Advancements in high-resolution imaging, facilitated by CubeSats—shoebox-sized devices deployed in low-Earth orbit—are enhancing scientists’ ability to obtain accurate measurements about trees’ response to a warming climate.
Using CubeSats imagery, Michael Alonzo, a researcher at American University, and his team looked at the role of heat in the early onset of the urban forest growing season. They found that heat may not accelerate season vegetation leaf emergence as previously thought. This is because previous studies used satellite images with poorer quality. A green pixel may be evidence of a growing canopy but perhaps something else entirely.
The images from cubesats are detailed enough to pick out individual trees, which offers much richer insight into vegetation growth across the planet.
“If we want to learn whether a given species or plant is changing its life cycle events due to warming, we need to do a better job zooming in on individuals and how they interact,” Alonzo said in a statement.
Urban heat and satellite technology
The urban heat island effect happens when impervious surfaces such as concrete and asphalt trap and radiate heat, causing city temperatures to be two or three degrees Celsius higher than in non-urban areas. Studying this phenomenon gives scientists a preview of how climate change may affect overall vegetation in non-urban areas.
Using satellite technology, previous studies have shown trees in cities green up earlier and lose leaves later compared with those in rural and natural areas. It’s like the seasons are shifting — and scientists have largely attributed this to heat. However, Alonzo’s new study is calling this into question.
“Heat plays a role but we may be overstating its importance,” he said in a statement.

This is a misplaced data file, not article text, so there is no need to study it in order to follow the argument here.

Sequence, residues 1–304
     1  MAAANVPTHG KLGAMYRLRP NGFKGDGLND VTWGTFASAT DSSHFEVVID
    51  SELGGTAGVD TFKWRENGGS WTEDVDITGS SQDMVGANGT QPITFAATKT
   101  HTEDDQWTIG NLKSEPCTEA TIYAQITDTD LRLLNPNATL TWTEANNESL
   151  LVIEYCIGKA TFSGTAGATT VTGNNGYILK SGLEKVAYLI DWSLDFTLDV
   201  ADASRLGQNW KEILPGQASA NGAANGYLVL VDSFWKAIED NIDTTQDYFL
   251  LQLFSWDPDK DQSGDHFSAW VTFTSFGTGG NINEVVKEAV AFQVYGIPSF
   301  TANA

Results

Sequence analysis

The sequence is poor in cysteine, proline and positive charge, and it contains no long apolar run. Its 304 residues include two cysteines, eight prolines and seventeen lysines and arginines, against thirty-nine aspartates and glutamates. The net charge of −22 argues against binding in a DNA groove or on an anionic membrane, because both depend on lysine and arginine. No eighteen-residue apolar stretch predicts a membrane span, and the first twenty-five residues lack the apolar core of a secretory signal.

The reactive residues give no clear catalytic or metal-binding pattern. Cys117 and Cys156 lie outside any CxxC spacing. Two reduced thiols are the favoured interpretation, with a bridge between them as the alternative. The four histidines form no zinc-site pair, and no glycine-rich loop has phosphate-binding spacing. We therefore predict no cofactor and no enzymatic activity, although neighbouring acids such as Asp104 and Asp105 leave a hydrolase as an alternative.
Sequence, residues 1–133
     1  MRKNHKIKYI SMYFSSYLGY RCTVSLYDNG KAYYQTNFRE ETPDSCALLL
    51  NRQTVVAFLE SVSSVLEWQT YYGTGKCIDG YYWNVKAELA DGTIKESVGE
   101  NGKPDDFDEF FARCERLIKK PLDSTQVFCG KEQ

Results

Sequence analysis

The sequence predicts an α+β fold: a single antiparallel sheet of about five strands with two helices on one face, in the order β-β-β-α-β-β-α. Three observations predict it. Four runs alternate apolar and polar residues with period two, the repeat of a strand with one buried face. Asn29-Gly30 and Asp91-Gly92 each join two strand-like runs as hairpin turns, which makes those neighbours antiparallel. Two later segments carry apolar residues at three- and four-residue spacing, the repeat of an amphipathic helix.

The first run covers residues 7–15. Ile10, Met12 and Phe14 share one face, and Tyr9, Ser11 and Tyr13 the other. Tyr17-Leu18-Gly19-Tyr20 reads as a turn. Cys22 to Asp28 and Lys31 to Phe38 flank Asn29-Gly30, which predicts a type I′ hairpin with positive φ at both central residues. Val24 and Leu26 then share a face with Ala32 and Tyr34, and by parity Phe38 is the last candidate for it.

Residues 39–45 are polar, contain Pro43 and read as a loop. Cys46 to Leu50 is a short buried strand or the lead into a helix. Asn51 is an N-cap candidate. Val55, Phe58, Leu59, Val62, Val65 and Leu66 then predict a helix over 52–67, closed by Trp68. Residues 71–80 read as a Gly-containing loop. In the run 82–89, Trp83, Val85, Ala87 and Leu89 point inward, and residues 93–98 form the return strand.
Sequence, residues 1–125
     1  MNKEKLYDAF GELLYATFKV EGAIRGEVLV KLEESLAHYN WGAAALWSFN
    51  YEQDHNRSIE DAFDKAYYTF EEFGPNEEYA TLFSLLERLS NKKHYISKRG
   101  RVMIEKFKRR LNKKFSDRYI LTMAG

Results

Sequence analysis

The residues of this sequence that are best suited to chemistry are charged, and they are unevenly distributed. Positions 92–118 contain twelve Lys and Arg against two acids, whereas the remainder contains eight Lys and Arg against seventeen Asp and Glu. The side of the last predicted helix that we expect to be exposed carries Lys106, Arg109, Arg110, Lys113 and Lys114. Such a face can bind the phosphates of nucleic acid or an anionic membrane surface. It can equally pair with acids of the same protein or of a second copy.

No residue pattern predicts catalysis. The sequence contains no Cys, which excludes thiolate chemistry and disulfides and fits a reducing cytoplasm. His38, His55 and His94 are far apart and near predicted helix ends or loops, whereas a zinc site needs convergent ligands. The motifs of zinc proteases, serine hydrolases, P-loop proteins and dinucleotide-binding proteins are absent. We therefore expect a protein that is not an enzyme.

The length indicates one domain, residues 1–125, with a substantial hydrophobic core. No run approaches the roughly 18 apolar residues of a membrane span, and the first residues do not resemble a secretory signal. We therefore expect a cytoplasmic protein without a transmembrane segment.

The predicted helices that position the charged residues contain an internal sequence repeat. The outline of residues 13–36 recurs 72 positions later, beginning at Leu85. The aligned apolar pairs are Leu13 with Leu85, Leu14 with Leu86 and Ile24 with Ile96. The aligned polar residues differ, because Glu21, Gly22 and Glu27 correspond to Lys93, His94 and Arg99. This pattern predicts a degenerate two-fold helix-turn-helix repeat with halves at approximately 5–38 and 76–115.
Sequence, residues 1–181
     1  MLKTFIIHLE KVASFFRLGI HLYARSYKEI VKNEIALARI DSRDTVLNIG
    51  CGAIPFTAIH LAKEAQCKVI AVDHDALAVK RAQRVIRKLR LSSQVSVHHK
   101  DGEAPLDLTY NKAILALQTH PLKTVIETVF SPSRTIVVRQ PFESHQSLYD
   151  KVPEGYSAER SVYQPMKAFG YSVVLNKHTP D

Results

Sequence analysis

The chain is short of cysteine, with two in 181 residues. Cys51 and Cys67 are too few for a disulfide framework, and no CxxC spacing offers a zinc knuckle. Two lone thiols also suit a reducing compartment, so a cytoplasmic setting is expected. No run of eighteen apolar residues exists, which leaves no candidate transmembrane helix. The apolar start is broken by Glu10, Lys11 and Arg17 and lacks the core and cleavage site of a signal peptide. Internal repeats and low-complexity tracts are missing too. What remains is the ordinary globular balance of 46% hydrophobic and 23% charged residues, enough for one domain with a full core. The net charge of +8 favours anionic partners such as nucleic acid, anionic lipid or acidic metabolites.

Cities are packed with a mix and varied vegetation, from trees to shrubs to turfgrass. Pixelated images, the ones used so far, don’t allow scientists to study the species individually or to track changes on a daily basis. But that’s no longer a limitation with CubeSats, allowing scientists to see how leaves develop day after day, for example.
Alonzo and his team used CubeSats imagery for growing seasons from 2018 and 2020, covering over 10,000 tree crowns on streets in Washington DC. The sample included 29 species of broadleaf, leaf-shedding trees. The researchers pieced together the satellite images and monitored the timing of green up and leaf loss in the fall for every tree.
They then analyzed how much the length of a tree’s growing season could be attributed to its species and how much to its location. They also factored in how other factors such as air temperature and impervious surface cover influenced these timing. While the findings are just for Washington DC, they can apply to other urban and non-urban areas, Alonzo said.
Up next, the researchers highlighted the importance of further studying how species composition changes between urban and rural areas. This would allow scientists to improve their models of how trees and other vegetation respond to heat. Alonzo is now planning to work with researchers in Nigeria and Haiti to apply CubeSats imagery to monitor changes in agriculture and forests.
The study was published in the journal Science of the Total Environment.
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